I will confess that physical attraction drew me to her. But lust is a natural benefactor of love and love is a meaningless word used by fools. What we have is more than that.
I don’t know her name so I call her Juliet.
I have seen her only once. It was enough to notice that long blonde hair which can be summarised only in the vagueness of perfection. I watched it fall over one eye to be impulsively swept away with a playful flick. Then, like a dog with a stick, that hair just came on back again to cover her eye. She has condensed the mundaneness of awaking and thinking and consuming and feeling and hating and living and forgetting into a simple reflex. And she is too alive to even notice.
Her strides were so delicate. Her screams silenced the birds. She was not afraid to let me see her cry.
She had enchanting breasts.
She lives on the uppermost floor of a drab 1970s apartment complex on
Street that is so unbecoming for her. I wait in
the street below and paint pictures onto the black depths of her window. She
never comes out. But humans are weak: she will need to eat something soon.
I need to eat too. I think about nothing else. I am such a simpleton. I have impure thoughts of my teeth in the soft flesh of her wrist as I take her as my own. A love bite. I will bite her where I was bitten. It will be so poetic when we are in love.
It seems I am starving myself for her. If only she could see what she is doing to me. I am disappearing, rotting, fermenting in the sun that watches me forever but is forever out of reach. I am making myself ugly for you, Juliet. Only ever for you.
I walk around the building. I push at the fat ceder doors and rattle the bars across the windows like a prisoner trying to break in. My mind slips under door. It knows the inkblot grains in the polished timber floors of the lobby. It climbs the six hundred and thirty six stairs to her door. It has laughed on her sofa and lain on her bed (What a bed! Plain. Shameless. A place of business). It has taught her about impressionist art and romantic poetry. It has heard stories of her childhood under the folds of a blanket of
And every time I will look at her I will be amazed by her beauty. Beauty is so rare since the outbreak. I know she is smart too: the way she sneaked home in the dead of night so no-one could see her beauty. No-one but me. What a brain she must have encased in that fishbowl.
Sometimes I worry that she won’t love me back. I worry that what I plan to do is sexual abuse. If only she knew the agony she caused me every day just by living. Is that not sexual abuse itself?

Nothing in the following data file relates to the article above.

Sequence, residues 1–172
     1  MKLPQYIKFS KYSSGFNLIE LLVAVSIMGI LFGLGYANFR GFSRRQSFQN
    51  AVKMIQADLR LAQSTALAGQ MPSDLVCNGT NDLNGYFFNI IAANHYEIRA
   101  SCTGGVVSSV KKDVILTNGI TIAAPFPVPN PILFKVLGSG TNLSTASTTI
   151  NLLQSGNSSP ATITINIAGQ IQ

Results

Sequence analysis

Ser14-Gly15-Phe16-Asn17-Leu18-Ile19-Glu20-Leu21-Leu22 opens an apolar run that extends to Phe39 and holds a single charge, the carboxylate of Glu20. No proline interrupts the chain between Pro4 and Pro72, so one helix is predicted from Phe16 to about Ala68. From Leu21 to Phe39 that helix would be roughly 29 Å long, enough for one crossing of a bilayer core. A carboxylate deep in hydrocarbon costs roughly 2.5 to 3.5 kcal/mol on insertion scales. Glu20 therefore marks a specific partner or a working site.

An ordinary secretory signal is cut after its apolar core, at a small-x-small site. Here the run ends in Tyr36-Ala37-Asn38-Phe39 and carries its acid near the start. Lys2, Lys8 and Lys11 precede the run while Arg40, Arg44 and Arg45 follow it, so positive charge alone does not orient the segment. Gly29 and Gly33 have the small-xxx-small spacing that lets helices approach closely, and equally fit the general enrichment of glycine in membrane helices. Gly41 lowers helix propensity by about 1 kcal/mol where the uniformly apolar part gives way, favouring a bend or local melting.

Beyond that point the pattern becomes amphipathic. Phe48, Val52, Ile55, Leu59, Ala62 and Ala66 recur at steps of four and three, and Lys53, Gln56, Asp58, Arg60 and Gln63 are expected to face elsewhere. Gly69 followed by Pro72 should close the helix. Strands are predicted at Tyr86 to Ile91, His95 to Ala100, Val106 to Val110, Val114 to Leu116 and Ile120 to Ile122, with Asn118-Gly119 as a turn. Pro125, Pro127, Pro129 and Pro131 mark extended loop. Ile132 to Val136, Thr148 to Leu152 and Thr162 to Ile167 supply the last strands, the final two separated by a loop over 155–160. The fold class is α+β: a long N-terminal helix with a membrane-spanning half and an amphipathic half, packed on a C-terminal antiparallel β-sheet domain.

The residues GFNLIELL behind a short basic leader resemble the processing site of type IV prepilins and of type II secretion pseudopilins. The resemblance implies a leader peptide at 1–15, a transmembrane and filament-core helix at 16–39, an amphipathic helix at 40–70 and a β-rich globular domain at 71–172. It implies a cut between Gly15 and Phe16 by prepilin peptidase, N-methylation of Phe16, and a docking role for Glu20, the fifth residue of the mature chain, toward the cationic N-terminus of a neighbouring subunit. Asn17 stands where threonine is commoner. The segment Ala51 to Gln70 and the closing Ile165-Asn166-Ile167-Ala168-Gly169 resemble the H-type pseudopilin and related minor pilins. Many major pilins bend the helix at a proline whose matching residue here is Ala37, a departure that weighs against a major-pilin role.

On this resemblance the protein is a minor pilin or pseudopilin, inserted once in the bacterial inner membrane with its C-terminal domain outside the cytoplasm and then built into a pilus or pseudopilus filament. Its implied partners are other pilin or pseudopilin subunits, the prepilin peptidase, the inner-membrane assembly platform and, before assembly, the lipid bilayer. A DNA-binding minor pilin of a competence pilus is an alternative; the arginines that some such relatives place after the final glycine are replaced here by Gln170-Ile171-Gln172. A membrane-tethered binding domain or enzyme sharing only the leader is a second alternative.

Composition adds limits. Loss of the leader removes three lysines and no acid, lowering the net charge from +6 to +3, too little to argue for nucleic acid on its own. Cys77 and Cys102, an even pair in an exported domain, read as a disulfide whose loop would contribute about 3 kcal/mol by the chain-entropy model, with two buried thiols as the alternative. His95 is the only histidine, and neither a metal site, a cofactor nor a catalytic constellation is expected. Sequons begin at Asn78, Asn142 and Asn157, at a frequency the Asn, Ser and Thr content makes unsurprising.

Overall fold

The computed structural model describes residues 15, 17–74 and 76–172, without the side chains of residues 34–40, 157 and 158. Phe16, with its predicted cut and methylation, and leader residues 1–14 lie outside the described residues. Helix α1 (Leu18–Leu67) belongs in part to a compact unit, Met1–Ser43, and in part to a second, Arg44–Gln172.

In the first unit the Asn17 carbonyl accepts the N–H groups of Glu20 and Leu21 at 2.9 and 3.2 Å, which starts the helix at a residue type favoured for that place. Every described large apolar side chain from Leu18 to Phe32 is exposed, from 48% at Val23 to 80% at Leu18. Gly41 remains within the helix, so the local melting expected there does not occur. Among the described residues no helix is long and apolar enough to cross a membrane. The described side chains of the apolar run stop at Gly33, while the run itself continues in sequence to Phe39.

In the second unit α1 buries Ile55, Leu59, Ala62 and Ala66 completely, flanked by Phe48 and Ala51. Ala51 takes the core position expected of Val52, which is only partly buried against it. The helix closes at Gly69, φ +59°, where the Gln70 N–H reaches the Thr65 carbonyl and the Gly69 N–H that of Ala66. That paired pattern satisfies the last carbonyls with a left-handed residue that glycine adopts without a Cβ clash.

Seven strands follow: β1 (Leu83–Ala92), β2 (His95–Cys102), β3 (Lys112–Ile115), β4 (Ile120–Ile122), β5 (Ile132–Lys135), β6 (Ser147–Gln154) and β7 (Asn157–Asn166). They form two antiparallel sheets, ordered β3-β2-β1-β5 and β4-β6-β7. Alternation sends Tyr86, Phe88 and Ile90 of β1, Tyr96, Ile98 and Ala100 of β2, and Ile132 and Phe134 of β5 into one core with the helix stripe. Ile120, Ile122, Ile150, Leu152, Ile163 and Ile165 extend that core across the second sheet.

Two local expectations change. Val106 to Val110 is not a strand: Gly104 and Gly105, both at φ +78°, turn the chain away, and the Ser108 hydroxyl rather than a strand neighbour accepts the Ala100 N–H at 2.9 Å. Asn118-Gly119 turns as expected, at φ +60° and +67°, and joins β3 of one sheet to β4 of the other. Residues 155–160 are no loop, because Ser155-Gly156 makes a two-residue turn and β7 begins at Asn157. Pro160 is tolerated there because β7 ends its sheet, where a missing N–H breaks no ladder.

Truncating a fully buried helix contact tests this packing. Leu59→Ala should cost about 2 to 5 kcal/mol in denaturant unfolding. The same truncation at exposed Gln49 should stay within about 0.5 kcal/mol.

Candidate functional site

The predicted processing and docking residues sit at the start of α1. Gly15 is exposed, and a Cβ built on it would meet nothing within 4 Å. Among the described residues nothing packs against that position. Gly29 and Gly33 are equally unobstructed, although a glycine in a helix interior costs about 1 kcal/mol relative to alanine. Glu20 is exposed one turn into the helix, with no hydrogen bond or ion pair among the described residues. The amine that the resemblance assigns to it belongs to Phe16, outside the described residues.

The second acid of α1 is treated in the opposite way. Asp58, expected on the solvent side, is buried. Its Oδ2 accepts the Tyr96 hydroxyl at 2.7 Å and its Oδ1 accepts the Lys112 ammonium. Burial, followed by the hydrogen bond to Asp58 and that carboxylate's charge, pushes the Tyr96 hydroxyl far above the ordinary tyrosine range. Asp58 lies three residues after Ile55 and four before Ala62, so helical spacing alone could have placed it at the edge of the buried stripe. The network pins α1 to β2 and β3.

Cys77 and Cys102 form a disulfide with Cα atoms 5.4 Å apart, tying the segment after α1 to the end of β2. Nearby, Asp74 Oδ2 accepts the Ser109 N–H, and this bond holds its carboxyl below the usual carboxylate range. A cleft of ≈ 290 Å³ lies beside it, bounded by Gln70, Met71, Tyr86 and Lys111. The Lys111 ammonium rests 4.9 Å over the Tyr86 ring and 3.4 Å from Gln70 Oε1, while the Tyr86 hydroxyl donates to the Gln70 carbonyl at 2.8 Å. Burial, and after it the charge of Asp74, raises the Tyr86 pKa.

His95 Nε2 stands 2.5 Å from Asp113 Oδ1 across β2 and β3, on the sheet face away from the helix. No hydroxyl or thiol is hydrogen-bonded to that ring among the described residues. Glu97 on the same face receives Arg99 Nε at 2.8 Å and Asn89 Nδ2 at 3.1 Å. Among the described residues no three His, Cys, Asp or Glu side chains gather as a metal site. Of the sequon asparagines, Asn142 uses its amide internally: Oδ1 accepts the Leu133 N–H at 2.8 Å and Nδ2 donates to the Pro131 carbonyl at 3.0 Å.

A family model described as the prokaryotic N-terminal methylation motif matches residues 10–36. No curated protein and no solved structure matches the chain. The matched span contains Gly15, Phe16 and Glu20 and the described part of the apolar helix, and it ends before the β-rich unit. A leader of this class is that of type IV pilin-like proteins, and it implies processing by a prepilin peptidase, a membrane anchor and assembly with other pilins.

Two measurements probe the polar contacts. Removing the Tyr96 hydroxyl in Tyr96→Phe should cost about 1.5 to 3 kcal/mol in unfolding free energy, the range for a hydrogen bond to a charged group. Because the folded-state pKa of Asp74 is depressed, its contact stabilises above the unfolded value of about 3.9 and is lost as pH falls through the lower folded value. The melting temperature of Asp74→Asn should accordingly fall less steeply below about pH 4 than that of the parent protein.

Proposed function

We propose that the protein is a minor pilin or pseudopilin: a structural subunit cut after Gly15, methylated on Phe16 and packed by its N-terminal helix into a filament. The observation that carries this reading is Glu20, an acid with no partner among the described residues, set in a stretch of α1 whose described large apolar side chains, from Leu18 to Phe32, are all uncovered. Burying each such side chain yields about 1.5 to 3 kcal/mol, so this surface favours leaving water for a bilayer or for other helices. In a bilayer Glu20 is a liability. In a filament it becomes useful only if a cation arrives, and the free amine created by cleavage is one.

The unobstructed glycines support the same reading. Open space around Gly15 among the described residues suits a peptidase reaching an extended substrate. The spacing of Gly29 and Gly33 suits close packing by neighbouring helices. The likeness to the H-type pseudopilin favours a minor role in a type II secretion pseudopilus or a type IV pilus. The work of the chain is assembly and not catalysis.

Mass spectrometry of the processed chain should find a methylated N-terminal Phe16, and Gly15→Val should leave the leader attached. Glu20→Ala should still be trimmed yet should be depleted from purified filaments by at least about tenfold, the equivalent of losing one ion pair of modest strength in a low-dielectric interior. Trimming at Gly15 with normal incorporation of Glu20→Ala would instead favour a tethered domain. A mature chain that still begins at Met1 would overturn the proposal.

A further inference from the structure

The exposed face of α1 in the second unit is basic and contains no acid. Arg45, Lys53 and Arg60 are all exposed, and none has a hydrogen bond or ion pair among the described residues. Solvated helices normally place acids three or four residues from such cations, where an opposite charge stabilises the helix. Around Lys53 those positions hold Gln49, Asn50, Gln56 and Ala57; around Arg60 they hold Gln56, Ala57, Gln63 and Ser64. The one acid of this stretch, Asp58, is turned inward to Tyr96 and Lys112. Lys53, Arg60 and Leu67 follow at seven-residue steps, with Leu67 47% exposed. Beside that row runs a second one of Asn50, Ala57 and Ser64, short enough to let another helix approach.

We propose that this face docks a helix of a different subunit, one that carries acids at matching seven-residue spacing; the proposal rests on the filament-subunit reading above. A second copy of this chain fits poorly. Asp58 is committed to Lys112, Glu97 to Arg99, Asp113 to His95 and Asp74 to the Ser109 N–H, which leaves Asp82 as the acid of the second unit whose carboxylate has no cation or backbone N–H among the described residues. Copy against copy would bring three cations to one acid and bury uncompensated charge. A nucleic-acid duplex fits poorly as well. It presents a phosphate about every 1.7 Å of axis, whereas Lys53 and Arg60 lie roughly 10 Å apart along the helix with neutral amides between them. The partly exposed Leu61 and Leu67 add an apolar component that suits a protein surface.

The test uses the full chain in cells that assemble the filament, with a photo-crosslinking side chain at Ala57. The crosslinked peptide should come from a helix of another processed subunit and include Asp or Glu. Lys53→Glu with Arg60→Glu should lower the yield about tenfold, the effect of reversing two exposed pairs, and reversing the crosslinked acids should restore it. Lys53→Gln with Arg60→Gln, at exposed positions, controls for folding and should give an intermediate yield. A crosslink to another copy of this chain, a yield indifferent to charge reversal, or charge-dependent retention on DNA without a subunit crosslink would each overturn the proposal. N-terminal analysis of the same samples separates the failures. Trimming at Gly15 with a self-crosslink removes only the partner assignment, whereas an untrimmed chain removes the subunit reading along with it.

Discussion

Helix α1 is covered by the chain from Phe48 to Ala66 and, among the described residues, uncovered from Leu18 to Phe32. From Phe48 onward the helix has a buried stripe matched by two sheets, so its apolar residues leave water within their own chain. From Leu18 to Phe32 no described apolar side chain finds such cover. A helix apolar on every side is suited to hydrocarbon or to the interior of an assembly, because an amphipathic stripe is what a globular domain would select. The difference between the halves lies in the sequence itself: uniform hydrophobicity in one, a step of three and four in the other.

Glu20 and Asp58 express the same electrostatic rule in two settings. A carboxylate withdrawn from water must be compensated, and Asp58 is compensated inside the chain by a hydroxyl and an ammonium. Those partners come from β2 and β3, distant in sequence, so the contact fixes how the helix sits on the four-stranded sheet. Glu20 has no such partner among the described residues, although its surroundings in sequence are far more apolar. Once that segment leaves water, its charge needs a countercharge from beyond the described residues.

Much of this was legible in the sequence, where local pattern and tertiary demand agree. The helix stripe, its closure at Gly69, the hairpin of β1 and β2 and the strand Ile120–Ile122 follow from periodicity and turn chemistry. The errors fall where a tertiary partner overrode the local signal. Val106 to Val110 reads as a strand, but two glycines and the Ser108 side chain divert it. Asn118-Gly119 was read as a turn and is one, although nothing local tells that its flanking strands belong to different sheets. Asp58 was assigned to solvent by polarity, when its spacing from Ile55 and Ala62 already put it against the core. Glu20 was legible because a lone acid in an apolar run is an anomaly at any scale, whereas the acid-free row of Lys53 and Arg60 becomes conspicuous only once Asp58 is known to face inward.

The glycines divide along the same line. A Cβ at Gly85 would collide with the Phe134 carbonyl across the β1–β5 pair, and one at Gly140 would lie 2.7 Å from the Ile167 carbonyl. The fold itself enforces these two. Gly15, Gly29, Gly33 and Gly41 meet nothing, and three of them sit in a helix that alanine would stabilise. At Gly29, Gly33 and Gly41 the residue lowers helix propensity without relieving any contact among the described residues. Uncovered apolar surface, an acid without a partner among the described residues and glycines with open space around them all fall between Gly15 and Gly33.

She is so beautiful.
Tonight I am watching her window and imagining her waving to me. Her waves are slow and rhythmic and completely erotic. She doesn’t blow me kisses like a cheap whore. Just a gentle smile as she plays with her hair until suddenly there is a flash of torchlight across the glass. She is coming to me, my love. The beam of light descends to the fifth floor, then the fourth. I hurry across the empty street. I have rehearsed this so many times. I have seen her open the door and fall into my outstretched arms.
I stand behind the door and listen to her untangle the chains on the other side. All that keeps us apart is six inches of dead wood. I listen to the short shallow drags of her breath and allow them to fill my chest until with a sudden sing-song scream the door opens an inch, then another inch and I can see her short chipped fingernails curl around the ceder. And then her breasts appear and her hair and her smooth round skull encasing that perfect brain. It is even more perfect for its little bumps and flaws, because it is the soil that sprouts her perfect hair, because it is right in front of me.
She turns. She sees me. What does she see? I can see the blood pulsing over her temples. I need to say something.
“Brains,” I say.
I have never been good at first impressions and this is especially poor. She screams. Oh that beautiful voice, like a siren song it paralyses me and suddenly she is running across the street. Her footsteps tread where once my own had been, waiting. And I can’t do anything but watch as she morphs once more into darkness.
My love has just gone out for a little while. She will return. This is her house after all and she has nowhere else to go.
The lobby is not as I imagined. It is carpeted and soulless and filled with cheap and spiteful chairs. I count seven hundred and fifty six stairs to her filthy Ikea apartment. Food wrappers are strewn like seaweed around a yellowing mattress on the living room floor. There is no art or even wallpaper. But then I remember her beauty. And that hair, forever falling, waiting to be caught. It crosses my mind that maybe I am only in love with her beauty, that once I have her I will lose interest. I don’t care. I will do anything to stop feeling this way.
So I sit on her mattress and wait for her to come home.
When the sun finally rises I feel completely alone.